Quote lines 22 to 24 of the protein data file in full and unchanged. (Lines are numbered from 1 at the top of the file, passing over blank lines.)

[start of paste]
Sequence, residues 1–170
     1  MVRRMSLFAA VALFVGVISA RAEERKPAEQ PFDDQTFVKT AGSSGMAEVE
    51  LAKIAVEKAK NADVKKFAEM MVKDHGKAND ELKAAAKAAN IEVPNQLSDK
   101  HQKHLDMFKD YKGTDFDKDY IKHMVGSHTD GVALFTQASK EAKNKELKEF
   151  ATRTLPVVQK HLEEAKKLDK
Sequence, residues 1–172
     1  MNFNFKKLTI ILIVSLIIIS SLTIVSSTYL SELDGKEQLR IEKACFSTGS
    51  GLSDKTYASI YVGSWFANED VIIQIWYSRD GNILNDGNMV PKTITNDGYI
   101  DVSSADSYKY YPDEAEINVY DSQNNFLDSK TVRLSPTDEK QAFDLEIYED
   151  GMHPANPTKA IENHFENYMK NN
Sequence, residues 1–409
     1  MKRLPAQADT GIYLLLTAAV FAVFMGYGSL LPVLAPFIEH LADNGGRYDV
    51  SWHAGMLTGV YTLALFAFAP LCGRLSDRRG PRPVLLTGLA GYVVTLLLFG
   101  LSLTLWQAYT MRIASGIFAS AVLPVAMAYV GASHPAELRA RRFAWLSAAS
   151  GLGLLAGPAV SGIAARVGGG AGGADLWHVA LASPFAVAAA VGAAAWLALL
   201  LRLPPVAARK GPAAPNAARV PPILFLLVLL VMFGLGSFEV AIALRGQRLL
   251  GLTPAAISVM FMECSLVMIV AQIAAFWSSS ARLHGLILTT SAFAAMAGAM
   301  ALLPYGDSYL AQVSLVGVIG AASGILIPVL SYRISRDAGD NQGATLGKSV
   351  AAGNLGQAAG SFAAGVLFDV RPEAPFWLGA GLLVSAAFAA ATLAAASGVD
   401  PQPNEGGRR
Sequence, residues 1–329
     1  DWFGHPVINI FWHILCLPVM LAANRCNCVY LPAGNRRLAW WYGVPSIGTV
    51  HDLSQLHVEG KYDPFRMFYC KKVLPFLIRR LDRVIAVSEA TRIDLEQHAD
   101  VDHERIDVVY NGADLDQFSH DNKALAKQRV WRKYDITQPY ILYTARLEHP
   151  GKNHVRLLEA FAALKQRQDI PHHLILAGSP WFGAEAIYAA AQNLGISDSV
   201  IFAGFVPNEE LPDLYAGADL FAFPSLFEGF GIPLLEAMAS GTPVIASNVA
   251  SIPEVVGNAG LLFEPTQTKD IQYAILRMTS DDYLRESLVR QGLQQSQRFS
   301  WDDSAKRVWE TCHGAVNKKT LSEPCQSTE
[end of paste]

     1  DWFGHPVINI FWHILCLPVM LAANRCNCVY LPAGNRRLAW WYGVPSIGTV
    51  HDLSQLHVEG KYDPFRMFYC KKVLPFLIRR LDRVIAVSEA TRIDLEQHAD
   101  VDHERIDVVY NGADLDQFSH DNKALAKQRV WRKYDITQPY ILYTARLEHP